After a sojourn in America, Milosz finally gains a sense of home, back in old Europe:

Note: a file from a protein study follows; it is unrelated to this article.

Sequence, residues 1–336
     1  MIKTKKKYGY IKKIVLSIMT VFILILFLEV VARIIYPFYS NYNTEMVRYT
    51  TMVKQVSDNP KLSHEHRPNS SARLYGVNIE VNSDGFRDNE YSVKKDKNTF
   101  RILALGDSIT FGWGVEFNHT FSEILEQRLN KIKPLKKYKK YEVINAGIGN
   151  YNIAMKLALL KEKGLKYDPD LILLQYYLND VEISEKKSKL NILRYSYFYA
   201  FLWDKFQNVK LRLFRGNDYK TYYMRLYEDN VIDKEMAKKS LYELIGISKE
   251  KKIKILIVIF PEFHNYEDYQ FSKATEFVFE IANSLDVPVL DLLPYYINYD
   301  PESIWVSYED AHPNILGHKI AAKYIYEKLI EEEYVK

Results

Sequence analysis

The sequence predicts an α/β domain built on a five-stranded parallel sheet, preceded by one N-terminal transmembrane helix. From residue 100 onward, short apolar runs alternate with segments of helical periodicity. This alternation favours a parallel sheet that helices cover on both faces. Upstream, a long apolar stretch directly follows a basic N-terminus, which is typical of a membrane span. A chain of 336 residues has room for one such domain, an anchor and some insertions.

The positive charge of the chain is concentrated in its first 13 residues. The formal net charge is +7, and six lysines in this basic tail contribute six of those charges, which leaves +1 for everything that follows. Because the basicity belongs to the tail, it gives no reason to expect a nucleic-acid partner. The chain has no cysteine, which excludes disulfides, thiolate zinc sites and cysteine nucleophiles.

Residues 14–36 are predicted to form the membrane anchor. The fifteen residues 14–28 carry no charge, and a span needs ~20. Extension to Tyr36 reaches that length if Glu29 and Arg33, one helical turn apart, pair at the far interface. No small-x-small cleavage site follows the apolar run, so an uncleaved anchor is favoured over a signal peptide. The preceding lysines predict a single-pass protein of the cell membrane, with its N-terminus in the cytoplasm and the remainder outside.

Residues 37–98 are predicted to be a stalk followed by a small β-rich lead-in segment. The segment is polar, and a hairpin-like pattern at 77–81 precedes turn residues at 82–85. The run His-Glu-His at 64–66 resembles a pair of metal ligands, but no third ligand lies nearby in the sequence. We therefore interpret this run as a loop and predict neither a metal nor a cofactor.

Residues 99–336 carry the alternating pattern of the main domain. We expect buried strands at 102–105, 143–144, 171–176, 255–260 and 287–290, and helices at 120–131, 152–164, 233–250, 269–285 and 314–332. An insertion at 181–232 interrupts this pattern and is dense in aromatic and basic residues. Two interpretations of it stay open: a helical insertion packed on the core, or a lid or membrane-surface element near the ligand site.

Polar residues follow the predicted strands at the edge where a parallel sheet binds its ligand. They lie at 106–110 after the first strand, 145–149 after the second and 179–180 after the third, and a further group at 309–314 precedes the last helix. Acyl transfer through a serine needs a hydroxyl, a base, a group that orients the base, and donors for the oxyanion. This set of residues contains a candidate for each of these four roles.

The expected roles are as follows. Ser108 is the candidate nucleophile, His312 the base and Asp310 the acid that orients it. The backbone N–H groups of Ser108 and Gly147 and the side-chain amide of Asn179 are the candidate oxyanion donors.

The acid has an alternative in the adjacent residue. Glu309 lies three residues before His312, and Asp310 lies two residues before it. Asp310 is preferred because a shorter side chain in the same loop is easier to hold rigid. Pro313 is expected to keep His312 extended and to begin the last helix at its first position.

But it was not the same as it had been in America; it was not only nature that cured me. Europe herself gathered me in her warm embrace, and her stones, chiseled by the hands of past generations, the swarm of her faces emerging from carved wood, from paintings, from the gilt of embroidered fabrics, soothed me, and my voice was added to her old challenges and oaths in spite of my refusal to accept her split and her sickliness. Europe, after all, was home to me. And in her I happened to find help; the country of the Dordogne is like a Platonic recollection, a prenatal landscape so hospitable that prehistoric man, twenty or thirty thousand years ago, selected the valley of the Vezere for his abode (was he, too, moved by a Platonic recollection of Paradise?). And while I climbed the hills of Saint-Emilion near a place where only yesterday the villas of Roman officials had stood, I tried to imagine, gazing out over the brown furrows of earth in the vineyards, all the hands that had once toiled here. Something went on inside me then. Such transformations are, of course, slow, and at first they are hidden even, from ourselves. Gradually, though, I stopped worrying about the whole mythology of exile, this side of the wall or that side of the wall. Poland and the Dordogne, Lithuania and Savoy, the narrow little streets in Wilno and the Quartier Latin, all fused together. I was like an ancient Greek. I had simply moved from one city to another. My native Europe, all of it, dwelled inside me, with its mountains, forests, and capitals; and that map of the heart left no room for my troubles. After a few years of groping in the dark, my foot once again touched solid ground and I regained the ability to live in the present, in a “now” within which past and future, both stronger than all possible apocalypses, mingle and mutually enrich each other.